Contact Your Senator Before Debate Begins Wednesday
The state Senate will begin debate on the fiscal year 2015 budget this Wednesday. Though the deadline to be printed on the amendment as a co-sponsor has passed, Senators are still able to sign on as co-sponsors Monday and Tuesday of this week.
Please contact your Senator this Monday or Tuesday and urge him or her to sign on as co-sponsor to the important amendments listed below, which will address shortfalls in the DPH budget. You can find your senator’s contact information here. If you don’t know who your senator is, please click here.
For more detail on the budget proposal, click here to read our complete analysis.
MPHA Priority Budget Amendments
Amendment #831 – Mass in Motion (4513-1111), sponsored by Sen. Jason Lewis at $500,000.
Mass in Motion communities are making healthier choices easier by increasing access to healthy foods; increasing opportunities for play and physical activity; creating smoke-free multi-unit housing; and leading quality improvement activities at community health centers. Mass in Motion works in 52 Massachusetts cities and towns, covering 33% of the state’s population. Federal funding that supports the program has been eliminated. This amendment would dedicate $500,000 to Mass in Motion to match $500,000 from the Health Promotion and Disease Prevention Block grant via DPH so that the work in these communities may continue.
Amendment #833 – Prevention and Wellness Trust Fund Technical Corrections sponsored by Sen. Jason Lewis.
This amendment would fix two technical errors in the language of the Prevention and Wellness Trust Fund, including aligning the final reporting date with the program’s timeline and consolidating two duplicative advisory bodies.
Amendment #778 – State Public Health Laboratory and Communicable Disease Control (4516-1000) sponsored by Sen. Kenneth Donnelly at $389,995.
The Public Health Laboratory supports local health departments in every city and town. The State Lab is responsible for testing of samples for influenza, tuberculosis, salmonella, lead poisoning, bioterror agents, food and insect-borne diseases; training for local health departments; and response to disease outbreaks. This amendment would restore funding to maintenance levels and add $250,000 to strengthen quality assurance and biosafety with two additional FTEs.
Amendment #770 – State Public Health Laboratory and Communicable Disease Control (4516-1000) sponsored by Sen. John Keenan at $2,000,000.
Current facilities at the State Lab are dated and in need of repair in order to support and expand lab services. This amendment would increase funding by $2,000,000 to allow for a capital feasibility study to be conducted. The House budget proposal included a $1,000,000 increase for this purpose, but the Senate did not include any additional funding for the study. $2,000,000 is the amount needed for a full feasibility study to be conducted.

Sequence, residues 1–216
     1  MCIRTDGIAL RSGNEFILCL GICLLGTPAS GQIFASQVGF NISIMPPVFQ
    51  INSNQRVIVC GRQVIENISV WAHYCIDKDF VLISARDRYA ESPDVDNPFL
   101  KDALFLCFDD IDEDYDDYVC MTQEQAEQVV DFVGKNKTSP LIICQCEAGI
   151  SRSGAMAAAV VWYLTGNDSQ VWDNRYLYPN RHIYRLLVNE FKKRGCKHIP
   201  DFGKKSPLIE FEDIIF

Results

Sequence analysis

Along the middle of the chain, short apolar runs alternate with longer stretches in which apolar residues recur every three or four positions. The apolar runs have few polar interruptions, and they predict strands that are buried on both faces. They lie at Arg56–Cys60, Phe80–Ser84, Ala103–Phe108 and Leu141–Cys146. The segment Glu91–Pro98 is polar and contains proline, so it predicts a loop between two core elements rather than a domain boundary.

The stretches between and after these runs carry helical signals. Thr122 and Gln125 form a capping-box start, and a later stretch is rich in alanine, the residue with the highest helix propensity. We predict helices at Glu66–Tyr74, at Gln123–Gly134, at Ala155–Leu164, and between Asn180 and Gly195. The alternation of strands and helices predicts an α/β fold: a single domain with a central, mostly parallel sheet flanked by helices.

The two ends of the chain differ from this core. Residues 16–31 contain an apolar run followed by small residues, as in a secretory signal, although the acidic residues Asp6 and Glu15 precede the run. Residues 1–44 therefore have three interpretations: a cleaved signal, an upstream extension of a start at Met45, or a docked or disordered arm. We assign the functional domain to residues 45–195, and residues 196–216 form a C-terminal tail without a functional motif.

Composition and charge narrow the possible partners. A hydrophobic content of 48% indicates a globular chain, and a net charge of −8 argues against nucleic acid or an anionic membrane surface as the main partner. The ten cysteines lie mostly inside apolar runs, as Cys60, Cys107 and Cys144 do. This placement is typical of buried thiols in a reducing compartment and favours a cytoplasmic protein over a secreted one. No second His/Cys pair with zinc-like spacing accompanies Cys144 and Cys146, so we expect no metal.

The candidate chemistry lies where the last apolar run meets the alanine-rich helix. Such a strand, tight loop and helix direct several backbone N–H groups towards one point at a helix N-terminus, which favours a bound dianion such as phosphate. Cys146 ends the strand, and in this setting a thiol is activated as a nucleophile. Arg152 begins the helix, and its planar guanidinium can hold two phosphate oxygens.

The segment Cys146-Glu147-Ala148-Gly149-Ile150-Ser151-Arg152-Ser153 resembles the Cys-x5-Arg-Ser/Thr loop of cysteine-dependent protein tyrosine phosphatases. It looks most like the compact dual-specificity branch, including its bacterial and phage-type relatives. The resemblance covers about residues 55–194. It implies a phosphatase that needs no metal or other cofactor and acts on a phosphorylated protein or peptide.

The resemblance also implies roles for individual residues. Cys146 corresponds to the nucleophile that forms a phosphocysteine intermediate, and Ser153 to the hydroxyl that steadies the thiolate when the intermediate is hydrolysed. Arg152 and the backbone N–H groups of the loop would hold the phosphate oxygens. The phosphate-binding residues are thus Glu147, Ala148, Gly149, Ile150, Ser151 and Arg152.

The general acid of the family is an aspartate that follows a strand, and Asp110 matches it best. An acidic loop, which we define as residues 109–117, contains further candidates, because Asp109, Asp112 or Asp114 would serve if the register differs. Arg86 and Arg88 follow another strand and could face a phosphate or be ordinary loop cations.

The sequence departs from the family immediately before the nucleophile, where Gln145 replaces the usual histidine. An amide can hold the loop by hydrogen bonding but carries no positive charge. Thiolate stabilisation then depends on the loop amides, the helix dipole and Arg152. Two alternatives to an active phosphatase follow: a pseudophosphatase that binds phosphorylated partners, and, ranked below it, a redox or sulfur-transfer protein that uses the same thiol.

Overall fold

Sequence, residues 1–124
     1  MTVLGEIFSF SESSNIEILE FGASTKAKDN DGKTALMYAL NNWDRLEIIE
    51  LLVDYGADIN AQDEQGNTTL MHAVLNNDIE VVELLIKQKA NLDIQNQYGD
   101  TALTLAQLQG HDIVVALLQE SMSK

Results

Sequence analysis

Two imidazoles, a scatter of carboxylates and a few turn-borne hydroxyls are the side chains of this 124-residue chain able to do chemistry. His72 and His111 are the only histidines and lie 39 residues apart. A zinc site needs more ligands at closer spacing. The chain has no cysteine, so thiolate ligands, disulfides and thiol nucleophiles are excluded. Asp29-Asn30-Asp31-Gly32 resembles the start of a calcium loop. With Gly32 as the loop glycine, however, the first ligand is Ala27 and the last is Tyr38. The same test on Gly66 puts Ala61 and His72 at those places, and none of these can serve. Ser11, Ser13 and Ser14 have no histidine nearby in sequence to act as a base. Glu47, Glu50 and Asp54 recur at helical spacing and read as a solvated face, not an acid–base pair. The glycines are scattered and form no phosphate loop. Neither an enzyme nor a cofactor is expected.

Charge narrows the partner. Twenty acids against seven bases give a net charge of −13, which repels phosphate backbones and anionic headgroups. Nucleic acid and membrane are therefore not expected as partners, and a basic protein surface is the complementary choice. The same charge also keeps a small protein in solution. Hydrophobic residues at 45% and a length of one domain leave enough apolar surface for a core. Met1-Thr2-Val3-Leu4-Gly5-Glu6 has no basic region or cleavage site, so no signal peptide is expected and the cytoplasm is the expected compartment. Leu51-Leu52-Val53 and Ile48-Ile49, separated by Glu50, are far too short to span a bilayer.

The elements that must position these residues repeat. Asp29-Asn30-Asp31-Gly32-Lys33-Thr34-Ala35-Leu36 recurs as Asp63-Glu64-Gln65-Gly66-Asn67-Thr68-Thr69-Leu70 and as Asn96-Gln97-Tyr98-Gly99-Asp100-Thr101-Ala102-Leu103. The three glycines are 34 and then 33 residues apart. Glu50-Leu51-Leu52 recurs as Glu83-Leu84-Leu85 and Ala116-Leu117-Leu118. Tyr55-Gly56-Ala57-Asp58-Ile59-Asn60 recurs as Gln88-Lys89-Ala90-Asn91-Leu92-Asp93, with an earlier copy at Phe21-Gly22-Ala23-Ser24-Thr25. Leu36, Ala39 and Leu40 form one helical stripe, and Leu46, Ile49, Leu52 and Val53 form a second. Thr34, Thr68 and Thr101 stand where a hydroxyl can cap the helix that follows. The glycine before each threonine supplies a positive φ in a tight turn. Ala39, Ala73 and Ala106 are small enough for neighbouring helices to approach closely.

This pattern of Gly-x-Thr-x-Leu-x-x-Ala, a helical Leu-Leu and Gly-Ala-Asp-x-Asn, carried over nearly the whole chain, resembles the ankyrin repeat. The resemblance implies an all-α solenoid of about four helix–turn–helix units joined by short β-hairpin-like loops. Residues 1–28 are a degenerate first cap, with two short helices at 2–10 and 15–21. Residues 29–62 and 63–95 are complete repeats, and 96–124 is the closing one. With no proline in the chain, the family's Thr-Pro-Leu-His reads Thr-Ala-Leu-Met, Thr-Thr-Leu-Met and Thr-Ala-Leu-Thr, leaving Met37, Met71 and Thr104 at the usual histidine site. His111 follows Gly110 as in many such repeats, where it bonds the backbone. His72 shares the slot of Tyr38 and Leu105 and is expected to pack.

Amendment #850 – Environmental Health Services (4510-0600) sponsored by Sen. Joan Lovely at $209,631.
The programs funded under this account provide important services such as the control of radiation and nuclear hazards, consumer products protection, food and drugs, lead poisoning prevention, lead-based paint inspections in day care facilities, inspection of radiological facilities, and licensing of X-ray technologists. The proposed cuts to this line item would result in 4.5 FTEs being laid off, including the only medical and bio-waste inspector, and would threaten FDA standards. This amendment would restore funding to maintenance level.
Amendment #756 – Food Protection Program Retained Revenue (4510-0020) sponsored by Sen. Cynthia Creem at $233,203.
This line item is threatened by cuts that would result in 3 FTE food inspectors being laid off. These inspectors work in schools and ensure the health and safety of vending machines inside these schools. There are only 10 such inspectors, so retaining these 3 FTEs is crucial. This amendment would restore the program to maintenance funding.
Amendment #711 – Tobacco Prevention and Cessation (4590-0300), sponsored by Sen. Keenan at $9,000,000.
The Massachusetts Tobacco Cessation and Prevention Program receives less than .05 percent of the $1 billion in tobacco revenue dollars. This amendment will increase funding so that more boards of health can conduct enforcement of state tobacco laws. In addition, increased funding will allow DPH and local boards of health to to conduct enforcement of synthetic marijuana and other drugs. With an increase of $5 million, MTCP will fund additional enforcement activities; continue smoke-free housing work; add additional hours of Quitline support; and increase the number of The 84 Youth Chapters.
For additional information on these amendments or for other questions about state public health funding, please contact Maddie Ribble at email@example.com .